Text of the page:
Buffy searches the place for another way out. Ford tells her that it's a bomb shelter, and there's no way out. She begs him to let the others go, but they tell her it's what they want. Chantarelle asks her if she can't see that it's a beautiful day for them. Time to duck, because Buffy's not pulling any punches for the rest of the episode, evidenced by this gem of an exchange:
Buffy: What I see is that right after the sun goes down Spike and all of his friends are going to be pigging out at the all-you-can-eat moron bar.
Drearego: Okay, that's it. I think we should gag her.
Buffy: I think you should try.
Drearego: She's an unbeliever! She taints us.
Buffy: I am trying to save you! You are playing in some serious traffic here, do you understand that? You're going to die, and the only hope you have of surviving this is to get out of this pit right now, and my God, could you have a dorkier outfit? [Drearego's all, "The hell?" Chantarelle smirks.]
Ford: I gotta back her up, D. You look like a big ninny.
Hee! Ford's beeper goes off, and he announces that it's 6:27, and sunset. I hate (and by "hate," I mean "love") to nitpick, but in "Halloween," it was fully dark before 6:00, when the kids were supposed to be back at school. Buffy looks around, starting to panic.
Factory. Spike's barking orders: spread out, two vamps on the door, first priority is the Slayer. He tells everyone to remember to share, which sounds like something the Mayor would say. He asks Dru if she's sure she's up to this, but she says she needs "a treat." How about a dialogue coach, on me? Spike tells "Lucius" to bring the car around.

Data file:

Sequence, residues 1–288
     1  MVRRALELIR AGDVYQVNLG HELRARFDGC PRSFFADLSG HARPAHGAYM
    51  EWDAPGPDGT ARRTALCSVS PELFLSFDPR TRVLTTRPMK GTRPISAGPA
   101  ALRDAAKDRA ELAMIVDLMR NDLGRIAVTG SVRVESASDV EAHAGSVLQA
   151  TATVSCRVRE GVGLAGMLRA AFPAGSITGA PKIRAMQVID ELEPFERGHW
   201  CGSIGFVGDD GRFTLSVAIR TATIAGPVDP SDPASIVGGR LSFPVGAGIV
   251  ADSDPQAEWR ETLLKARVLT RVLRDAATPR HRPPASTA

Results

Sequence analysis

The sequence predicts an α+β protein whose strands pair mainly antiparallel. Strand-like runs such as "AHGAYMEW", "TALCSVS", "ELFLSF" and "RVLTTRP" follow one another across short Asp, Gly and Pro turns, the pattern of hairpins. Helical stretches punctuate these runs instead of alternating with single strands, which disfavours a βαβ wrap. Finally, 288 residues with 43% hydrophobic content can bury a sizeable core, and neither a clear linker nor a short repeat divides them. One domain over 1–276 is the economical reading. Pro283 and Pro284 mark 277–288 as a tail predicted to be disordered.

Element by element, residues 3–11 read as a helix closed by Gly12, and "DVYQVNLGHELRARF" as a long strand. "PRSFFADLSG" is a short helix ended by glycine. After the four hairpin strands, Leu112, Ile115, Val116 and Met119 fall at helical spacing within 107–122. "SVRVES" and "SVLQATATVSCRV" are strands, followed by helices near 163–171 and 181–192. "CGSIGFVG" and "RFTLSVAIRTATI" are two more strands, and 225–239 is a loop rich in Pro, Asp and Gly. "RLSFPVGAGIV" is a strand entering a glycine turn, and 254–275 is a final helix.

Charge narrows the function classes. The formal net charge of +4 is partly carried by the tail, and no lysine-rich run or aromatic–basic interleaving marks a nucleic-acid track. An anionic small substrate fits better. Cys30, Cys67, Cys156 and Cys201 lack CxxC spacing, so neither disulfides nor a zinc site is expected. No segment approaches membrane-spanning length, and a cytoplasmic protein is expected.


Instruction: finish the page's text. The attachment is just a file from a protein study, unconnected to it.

Buffy runs back up the stairs. Ford marvels that she never gives up. Just wait until the end of "Spiral." He muses that they have a lot in common, but Buffy snits that he's the bad guy. She declares that the rest of the kids aren't going to be changed, that they're just fodder. Ford acknowledges that, but says that he will become immortal. Buffy tells him that's not how it works, calling him, extremely ironically in light of his imminent revelation, "brain trust." She explains that he'll die, and his body will be taken over by a demon, who will look and sound like him, and even remember his life, but won't be him. Ford quietly says it's better than nothing. Buffy asks if his life is nothing, and he smirks bitterly. She goes on that the kids don't deserve to die. Ford blurts: "Well, neither do I! But apparently no one took that into consideration 'cause I'm still dying." Buffy looks stunned. Looks like that shot of Absolut Morality didn't go down too well! Ford goes on that he's got at most six months to live, and that he's in constant agony from the "nest of tumors liquefying [his] brain." Buffy turns away, and he sarcastically says he's sorry for ruining her "righteous anger riff." Buffy turns back to him, and sincerely apologizes, saying she had no idea. "But what you're doing is still very wrong." Ford doesn't want to hear that, and, voice dripping with contempt, says that the others are sheep, and just want to be vampires because they're lonely and bored. He, on the other hand, doesn't have a choice. Buffy points out that he does have a choice, although not a good one, and that nothing he says will make mass murder okay. Ford disbelievingly asks if she thinks he needs to justify himself to her, but she scarily astutely bites out, "I think this is all part of your little fantasy-drama! Isn't this exactly how you imagined it? You tell me how you've suffered and I feel sorry for you. Well, I do feel sorry for you, and if those vampires come in here and start feeding I'll kill you myself." Ford huskily replies that he really did miss her, which is tantamount to admitting that her analysis was spot-on. And I'm sorry for the paucity of jokes, but this is pretty heavy stuff here. They stare at each other, but are interrupted by the sound of a car pulling up outside.